The financial impact of the spread of Covid-19 is likely to be felt in Northern Ireland for generations to come, a senior official from the Department for the Economy (DfE) has warned.
Shane Murphy, DfE's chief economist, said there are difficult decisions ahead for the Northern Ireland Executive as they attempt to put in place strategies to shore up the economy here in the coming weeks and months.
And he also warned there may be shortages of some products as isolation measures to slow down the spread of coronavirus, save lives and reduce the pressure on the health service ramp up.
A raft of businesses have already shut their doors, with the loss of hundreds of jobs, and the situation is likely to deteriorate further after the announcement that all schools in Northern Ireland will close from Monday.
The move, which had been resisted by the government until yesterday, is likely to restrict tens of thousands of parents across Northern Ireland from going to work.
Concerns had been raised that operations at many firms could grind to a halt as a result of the measure.
Speaking ahead of the crunch announcement, considered one of the last-ditch efforts to slow the spread of Covid-19, Mr Murphy told Stormont's economy committee yesterday morning that the economic impact of coronavirus in Northern Ireland will be significant and long-lasting.
"We recognise this is a public health issue first and foremost," he said.
"It's an emergency, it's going to have impacts for all sorts of aspects of our lives including economically, and it looks like we're heading for a big, but hopefully temporary, shock to the economy.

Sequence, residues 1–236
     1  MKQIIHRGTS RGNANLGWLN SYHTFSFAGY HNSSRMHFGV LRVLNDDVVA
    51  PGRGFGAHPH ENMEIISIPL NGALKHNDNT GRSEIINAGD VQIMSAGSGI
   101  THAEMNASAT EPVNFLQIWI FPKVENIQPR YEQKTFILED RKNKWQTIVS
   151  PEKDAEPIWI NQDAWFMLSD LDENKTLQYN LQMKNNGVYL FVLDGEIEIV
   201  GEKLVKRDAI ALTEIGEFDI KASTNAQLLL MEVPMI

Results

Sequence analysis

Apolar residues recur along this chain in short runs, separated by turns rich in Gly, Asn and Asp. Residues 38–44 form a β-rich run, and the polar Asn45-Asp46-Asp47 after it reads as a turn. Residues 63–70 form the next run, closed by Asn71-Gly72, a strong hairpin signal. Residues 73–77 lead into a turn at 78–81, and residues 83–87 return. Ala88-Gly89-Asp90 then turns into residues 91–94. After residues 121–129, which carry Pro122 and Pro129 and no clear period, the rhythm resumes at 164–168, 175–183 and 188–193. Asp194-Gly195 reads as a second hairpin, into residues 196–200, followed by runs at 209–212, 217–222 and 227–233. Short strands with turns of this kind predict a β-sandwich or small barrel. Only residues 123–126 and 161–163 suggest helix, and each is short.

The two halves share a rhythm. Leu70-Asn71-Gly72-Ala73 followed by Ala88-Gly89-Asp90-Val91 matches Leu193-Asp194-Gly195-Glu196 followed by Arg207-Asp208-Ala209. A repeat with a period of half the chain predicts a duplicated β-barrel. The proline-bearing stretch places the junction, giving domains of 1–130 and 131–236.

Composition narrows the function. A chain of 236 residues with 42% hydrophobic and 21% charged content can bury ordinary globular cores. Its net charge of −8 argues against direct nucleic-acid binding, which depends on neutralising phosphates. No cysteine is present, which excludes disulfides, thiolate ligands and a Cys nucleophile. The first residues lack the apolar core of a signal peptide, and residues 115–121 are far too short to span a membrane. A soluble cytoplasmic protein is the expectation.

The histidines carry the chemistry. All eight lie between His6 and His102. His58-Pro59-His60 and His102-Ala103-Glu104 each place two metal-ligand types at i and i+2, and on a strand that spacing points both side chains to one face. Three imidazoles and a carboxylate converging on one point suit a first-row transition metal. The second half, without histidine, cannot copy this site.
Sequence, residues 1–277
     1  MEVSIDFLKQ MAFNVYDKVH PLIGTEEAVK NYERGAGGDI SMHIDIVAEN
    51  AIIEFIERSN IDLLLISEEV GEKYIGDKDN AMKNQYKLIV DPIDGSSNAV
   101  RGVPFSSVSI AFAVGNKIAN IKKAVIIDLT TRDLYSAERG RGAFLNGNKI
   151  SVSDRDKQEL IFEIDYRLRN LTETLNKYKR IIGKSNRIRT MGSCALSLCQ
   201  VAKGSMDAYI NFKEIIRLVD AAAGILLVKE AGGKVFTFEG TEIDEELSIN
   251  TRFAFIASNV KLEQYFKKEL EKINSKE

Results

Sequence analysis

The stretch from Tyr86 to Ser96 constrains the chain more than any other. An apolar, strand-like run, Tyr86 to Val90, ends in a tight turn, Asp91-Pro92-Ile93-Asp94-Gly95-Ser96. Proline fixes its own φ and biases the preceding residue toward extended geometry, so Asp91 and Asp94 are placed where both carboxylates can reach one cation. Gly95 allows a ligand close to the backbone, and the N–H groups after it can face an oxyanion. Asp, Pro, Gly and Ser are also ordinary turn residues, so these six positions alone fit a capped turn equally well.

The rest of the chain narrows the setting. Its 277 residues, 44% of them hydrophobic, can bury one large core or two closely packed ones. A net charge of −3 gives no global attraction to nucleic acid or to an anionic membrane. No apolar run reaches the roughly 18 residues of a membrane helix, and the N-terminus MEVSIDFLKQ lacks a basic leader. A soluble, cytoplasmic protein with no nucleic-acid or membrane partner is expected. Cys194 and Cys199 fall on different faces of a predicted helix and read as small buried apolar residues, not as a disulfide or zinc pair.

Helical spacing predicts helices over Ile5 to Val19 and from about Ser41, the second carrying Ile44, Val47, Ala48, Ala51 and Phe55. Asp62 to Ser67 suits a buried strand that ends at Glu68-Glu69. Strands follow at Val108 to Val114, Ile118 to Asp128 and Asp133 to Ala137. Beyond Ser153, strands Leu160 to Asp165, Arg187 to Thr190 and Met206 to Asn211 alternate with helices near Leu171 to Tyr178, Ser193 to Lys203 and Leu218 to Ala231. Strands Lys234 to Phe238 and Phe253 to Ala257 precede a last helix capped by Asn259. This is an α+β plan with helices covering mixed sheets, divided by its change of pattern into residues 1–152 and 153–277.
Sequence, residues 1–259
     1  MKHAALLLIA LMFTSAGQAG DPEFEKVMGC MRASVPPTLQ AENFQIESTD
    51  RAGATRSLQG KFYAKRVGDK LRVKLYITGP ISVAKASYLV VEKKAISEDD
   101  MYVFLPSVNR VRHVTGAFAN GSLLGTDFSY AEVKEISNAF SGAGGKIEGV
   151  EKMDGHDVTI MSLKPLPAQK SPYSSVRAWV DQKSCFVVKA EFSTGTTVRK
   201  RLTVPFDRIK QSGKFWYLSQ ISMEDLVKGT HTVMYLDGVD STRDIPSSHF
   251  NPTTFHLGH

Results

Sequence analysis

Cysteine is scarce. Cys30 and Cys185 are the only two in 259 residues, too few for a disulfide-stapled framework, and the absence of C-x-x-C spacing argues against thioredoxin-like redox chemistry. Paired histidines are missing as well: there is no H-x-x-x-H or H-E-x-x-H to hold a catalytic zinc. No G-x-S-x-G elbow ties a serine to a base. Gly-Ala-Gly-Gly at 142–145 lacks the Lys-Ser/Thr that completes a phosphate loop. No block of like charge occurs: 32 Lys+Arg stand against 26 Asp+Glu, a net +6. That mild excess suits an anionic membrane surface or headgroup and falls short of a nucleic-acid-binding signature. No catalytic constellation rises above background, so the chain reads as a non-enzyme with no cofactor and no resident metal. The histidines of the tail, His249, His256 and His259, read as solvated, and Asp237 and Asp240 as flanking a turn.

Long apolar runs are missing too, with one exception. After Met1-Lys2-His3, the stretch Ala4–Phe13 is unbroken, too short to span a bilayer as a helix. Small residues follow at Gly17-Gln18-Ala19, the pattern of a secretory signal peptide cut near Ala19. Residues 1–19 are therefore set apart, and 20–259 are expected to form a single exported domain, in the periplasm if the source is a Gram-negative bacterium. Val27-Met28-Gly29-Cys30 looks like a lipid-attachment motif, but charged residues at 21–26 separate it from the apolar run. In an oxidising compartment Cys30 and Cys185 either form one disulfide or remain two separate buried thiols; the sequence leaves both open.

"The disruption to economic life is going to be highly significant.
"It's looking hugely likely that growth forecast pre-coronavirus for the year will probably be wiped out.
"How long it lasts is going to depend on the pathway of the public health crisis and how long things last for."
While he said he cannot project exactly how long the economy will suffer as a result of the pandemic, he later referred to the fact that the UK has only recently paid off the bills accrued as a result of the two world wars.
"I think there is every expectation on my part that the bill will be enormous and we will be paying for it for years," he said.
The DfE official also said the Executive is now faced with the decision of whether to try and fund the financial support for businesses entirely from the money that has been made available by Westminster, or whether they borrow additional funds.
His colleague, Keith Forster, who is director of strategic policy at DfE, was also present at the briefing and said it is vital that Stormont moves quickly to put in place financial aid for businesses affected by the Covid-19 virus.
"Actions need to be taken in our view as a matter of urgency," he said.
"I understand the impact this is going to have on the economy is huge, there nothing like this in recent times.
"We are trying to identify any gaps where some of the policies announced in England translate locally here."
Commenting on potential food supply disruptions, Mr Murphy offered reassurance that he was not aware of any current issues.
"I have no reason to believe or any evidence of concerns on the food side," he said.
However, he stressed that the situation may change in the coming weeks and months.
"I can't guarantee there will not be some products affected," he said.
Shops across Northern Ireland have struggled to keep shelves stocked with a range of products in recent weeks.